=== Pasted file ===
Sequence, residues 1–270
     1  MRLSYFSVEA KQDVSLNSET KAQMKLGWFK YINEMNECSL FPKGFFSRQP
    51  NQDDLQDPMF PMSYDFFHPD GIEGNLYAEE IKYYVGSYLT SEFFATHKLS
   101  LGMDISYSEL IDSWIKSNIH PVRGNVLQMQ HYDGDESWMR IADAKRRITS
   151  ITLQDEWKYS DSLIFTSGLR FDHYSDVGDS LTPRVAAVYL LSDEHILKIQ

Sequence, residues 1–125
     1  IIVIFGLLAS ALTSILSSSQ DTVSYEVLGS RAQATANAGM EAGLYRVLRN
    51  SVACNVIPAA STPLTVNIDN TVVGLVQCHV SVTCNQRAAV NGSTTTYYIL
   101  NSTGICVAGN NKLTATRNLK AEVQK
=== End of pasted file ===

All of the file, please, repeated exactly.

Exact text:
Sequence, residues 1–270
     1  MRLSYFSVEA KQDVSLNSET KAQMKLGWFK YINEMNECSL FPKGFFSRQP
    51  NQDDLQDPMF PMSYDFFHPD GIEGNLYAEE IKYYVGSYLT SEFFATHKLS
   101  LGMDISYSEL IDSWIKSNIH PVRGNVLQMQ HYDGDESWMR IADAKRRITS
   151  ITLQDEWKYS DSLIFTSGLR FDHYSDVGDS LTPRVAAVYL LSDEHILKIQ

Sequence, residues 1–125
     1  IIVIFGLLAS ALTSILSSSQ DTVSYEVLGS RAQATANAGM EAGLYRVLRN
    51  SVACNVIPAA STPLTVNIDN TVVGLVQCHV SVTCNQRAAV NGSTTTYYIL
   101  NSTGICVAGN NKLTATRNLK AEVQK